Conservative factions yearn for “clear teaching” on doctrine and strong centralized authority – even as, ironically, they resist the authority of the current pope, whom they criticize as an undisciplined leader or as too liberal.
Progressive factions, on the other hand, often seem to yearn for more democratic decision-making, akin to the independent authority local congregations have in some Protestant denominations.
In fact, as a scholar of the public role of the Catholic Church, I suspect both groups are likely to be disappointed.
The church strongly supports democracy in the secular world. Internally, however, Catholicism preserves a deep tradition of governance rooted in apostolic succession: the teaching that bishops’ authority descends directly from the Apostles of Jesus Christ. In other words, the legitimacy of their leadership stems from this lineage, rather than a democratic process.
The synod process aims to move toward a more dialogue-based model for how the authority of priests and bishops should work, within this apostolic understanding of Catholic authority.
Francis v. ‘clericalism’
Catholics and many non-Catholics tend to understand the church as a kind of vertically integrated corporation, where unquestioned authority flows from the top.
Waves of clergy sex abuse scandals, in particular, have discredited this model in many people’s eyes, and Francis appears to be moving Catholicism away from this style of leadership. He has repeatedly criticized “clericalism”: the tendency to center the faith on priests and obedience to their authority.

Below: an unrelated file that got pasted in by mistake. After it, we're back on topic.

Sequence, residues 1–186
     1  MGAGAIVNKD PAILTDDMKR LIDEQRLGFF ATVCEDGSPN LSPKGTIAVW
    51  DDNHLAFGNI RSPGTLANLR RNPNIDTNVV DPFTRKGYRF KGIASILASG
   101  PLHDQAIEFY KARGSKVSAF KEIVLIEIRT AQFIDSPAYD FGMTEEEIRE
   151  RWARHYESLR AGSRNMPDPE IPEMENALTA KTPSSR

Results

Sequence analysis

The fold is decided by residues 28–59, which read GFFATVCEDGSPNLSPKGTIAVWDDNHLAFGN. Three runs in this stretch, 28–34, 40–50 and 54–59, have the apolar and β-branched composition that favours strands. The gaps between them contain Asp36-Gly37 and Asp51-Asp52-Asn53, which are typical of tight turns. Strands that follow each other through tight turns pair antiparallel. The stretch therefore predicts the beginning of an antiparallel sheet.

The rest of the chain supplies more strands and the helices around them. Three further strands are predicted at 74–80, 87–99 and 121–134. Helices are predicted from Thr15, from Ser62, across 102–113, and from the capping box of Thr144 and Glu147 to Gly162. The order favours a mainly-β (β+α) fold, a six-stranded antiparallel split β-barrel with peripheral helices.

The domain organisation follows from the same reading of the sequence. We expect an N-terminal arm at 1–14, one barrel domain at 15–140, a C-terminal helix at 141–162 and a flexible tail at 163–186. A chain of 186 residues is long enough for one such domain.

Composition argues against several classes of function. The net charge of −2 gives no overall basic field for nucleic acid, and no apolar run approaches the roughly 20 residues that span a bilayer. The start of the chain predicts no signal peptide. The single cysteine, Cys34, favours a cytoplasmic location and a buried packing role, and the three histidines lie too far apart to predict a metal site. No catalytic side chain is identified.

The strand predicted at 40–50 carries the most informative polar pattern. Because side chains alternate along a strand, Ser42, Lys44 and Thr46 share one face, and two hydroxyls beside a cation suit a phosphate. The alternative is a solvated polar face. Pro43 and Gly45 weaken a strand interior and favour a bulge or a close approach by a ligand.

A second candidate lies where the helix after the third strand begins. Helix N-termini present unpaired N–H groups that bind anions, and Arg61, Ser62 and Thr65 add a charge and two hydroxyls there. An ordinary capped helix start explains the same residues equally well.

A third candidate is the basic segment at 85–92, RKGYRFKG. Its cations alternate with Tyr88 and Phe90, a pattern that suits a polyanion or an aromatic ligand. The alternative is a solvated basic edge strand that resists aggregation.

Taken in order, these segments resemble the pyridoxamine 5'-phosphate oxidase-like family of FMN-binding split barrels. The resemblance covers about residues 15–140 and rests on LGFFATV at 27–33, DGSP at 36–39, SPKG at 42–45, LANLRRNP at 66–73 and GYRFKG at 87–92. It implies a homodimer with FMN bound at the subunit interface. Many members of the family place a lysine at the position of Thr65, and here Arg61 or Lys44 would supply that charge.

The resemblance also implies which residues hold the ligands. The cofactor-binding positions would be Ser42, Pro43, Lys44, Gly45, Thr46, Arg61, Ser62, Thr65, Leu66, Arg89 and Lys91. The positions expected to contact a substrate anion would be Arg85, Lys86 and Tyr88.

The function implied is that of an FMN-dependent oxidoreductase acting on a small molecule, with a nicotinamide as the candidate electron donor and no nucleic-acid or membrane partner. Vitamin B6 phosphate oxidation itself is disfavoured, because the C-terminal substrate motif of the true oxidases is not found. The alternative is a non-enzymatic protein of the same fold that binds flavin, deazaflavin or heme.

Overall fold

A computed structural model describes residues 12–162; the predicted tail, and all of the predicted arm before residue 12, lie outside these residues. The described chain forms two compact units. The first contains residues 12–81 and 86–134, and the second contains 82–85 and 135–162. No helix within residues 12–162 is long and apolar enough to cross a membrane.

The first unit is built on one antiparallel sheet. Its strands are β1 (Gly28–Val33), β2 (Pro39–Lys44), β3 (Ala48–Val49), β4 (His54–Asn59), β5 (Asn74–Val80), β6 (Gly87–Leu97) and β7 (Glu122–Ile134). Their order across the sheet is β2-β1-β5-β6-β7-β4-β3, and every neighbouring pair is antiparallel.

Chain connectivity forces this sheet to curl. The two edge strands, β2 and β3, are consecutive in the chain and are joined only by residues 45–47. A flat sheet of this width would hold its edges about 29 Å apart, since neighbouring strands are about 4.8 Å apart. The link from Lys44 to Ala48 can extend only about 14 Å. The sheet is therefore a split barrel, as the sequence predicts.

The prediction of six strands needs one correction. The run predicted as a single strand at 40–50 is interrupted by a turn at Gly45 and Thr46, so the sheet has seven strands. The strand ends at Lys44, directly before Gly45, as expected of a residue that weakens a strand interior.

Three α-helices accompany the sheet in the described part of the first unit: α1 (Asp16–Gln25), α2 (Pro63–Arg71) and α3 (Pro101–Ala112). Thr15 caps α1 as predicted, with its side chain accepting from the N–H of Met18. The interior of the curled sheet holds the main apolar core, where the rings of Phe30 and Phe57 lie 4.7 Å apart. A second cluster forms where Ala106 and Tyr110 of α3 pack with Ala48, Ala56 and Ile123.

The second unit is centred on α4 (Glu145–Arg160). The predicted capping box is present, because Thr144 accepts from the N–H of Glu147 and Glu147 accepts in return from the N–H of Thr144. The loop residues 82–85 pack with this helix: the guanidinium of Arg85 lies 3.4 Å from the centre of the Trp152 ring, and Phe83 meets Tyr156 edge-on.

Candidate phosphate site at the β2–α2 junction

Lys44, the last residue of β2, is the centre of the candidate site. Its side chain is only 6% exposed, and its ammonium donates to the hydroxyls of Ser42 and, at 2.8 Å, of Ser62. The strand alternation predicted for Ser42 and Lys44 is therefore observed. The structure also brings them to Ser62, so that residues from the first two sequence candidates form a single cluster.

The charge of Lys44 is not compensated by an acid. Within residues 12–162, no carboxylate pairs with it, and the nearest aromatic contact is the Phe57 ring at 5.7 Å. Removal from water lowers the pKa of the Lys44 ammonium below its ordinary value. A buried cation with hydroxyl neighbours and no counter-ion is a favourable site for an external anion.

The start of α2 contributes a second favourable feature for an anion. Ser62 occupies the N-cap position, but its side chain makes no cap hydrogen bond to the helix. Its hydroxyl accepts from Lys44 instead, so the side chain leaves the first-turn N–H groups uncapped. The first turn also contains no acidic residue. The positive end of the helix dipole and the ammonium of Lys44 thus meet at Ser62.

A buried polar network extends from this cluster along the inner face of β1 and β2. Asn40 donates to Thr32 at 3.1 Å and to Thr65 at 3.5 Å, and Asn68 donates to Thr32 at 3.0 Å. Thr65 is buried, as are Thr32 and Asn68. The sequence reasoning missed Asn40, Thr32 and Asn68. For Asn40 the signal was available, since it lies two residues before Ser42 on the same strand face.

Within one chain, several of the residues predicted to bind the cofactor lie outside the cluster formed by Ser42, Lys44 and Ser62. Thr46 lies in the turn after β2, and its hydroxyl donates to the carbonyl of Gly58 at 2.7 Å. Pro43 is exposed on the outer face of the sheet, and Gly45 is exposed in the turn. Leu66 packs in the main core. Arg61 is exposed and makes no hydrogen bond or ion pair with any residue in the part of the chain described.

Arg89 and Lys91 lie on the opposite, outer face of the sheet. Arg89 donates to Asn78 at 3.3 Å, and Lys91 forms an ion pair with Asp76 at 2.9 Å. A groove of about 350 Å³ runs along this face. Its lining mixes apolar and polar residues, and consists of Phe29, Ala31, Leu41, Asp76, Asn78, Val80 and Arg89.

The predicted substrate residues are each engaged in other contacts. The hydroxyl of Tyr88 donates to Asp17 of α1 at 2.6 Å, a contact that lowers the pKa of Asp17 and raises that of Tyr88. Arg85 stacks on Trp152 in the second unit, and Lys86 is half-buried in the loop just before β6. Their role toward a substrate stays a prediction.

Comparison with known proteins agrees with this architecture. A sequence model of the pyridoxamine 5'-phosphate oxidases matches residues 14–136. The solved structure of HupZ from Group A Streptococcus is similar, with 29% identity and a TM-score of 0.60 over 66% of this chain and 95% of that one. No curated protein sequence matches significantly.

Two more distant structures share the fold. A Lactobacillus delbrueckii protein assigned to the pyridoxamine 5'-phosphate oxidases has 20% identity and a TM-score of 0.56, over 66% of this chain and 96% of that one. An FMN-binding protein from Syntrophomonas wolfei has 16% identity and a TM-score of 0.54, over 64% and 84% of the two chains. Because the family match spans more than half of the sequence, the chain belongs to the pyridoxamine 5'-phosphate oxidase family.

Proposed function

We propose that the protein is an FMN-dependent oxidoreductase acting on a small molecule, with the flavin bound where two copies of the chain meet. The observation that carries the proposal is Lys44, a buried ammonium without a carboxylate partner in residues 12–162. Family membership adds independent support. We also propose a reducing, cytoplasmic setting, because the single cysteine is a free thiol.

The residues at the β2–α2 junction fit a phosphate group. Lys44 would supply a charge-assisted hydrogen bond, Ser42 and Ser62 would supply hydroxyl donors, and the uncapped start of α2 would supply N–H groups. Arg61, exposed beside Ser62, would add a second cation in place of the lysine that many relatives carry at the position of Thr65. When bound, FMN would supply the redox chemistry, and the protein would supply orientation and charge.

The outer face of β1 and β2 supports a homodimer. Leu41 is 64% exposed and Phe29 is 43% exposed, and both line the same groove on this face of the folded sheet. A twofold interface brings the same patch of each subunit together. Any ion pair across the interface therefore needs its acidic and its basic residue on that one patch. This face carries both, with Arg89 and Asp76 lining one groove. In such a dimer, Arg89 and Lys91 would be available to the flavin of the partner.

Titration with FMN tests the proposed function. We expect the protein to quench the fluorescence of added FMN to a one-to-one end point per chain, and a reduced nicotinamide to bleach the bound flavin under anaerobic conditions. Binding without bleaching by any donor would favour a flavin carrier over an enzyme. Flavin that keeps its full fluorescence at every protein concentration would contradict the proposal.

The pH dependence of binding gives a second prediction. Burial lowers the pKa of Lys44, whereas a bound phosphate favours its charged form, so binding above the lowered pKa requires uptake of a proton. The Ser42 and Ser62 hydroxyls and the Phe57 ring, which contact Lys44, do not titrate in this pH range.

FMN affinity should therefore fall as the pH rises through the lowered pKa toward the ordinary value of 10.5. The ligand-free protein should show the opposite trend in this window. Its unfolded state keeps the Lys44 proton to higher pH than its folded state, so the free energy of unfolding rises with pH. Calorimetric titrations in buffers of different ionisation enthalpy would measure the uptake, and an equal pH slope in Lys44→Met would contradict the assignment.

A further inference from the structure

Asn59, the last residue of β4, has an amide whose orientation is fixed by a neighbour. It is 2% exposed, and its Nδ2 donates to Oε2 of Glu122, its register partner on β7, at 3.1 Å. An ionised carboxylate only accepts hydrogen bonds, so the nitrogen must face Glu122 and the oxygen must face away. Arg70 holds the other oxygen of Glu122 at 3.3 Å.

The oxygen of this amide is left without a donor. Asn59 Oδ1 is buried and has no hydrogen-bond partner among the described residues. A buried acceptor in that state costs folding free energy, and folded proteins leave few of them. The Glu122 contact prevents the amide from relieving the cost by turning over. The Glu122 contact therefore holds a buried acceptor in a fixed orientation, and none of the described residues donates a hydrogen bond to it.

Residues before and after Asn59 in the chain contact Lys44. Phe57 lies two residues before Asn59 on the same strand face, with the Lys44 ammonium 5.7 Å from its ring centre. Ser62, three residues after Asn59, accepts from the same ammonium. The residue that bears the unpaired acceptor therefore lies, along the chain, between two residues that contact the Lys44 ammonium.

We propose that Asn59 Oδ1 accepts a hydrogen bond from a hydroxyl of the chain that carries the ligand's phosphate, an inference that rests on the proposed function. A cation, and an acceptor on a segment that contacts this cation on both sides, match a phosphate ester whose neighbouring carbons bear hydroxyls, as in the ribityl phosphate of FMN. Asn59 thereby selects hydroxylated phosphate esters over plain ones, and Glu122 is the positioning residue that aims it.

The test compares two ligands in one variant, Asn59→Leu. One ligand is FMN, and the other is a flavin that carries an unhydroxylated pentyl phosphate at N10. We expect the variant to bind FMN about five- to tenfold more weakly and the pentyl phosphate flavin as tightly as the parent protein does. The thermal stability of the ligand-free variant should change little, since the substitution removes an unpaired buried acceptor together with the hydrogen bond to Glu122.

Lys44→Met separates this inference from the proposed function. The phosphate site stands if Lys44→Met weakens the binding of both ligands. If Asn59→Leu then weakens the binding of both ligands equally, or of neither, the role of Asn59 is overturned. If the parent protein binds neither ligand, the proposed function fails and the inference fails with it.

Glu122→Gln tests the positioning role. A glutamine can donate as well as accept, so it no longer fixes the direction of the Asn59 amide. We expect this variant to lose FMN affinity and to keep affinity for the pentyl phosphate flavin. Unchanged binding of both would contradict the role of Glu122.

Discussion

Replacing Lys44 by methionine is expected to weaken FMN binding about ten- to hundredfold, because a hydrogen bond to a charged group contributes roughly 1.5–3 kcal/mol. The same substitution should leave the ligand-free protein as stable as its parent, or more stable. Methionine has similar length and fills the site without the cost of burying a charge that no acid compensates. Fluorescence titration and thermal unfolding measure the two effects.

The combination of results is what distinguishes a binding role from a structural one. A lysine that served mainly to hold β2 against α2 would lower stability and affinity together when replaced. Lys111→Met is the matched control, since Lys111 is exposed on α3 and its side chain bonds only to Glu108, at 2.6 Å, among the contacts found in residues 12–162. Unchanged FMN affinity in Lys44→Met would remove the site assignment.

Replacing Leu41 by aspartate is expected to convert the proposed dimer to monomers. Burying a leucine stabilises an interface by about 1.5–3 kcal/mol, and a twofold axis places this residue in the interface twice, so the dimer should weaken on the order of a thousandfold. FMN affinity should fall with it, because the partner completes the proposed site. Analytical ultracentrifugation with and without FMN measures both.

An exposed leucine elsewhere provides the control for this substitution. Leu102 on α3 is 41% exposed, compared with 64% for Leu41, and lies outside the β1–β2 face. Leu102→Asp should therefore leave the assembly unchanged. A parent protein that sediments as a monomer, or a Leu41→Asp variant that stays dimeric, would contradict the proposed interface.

“To say “no” to abuse is to say an emphatic “no” to all forms of clericalism,“ he wrote in a 2018 letter addressed to “the people of God.” Five years later, in a note to priests in Rome, he described clericalism as “a sickness” that leads to authority “without humility but with detached and haughty attitudes.”
Instead, Francis is advancing a model in which bishops exercise their authority through continuous dialogue with the faithful, the Catholic intellectual tradition and the wider world. This model views the church as constantly evolving, even as it forever affirms core truths.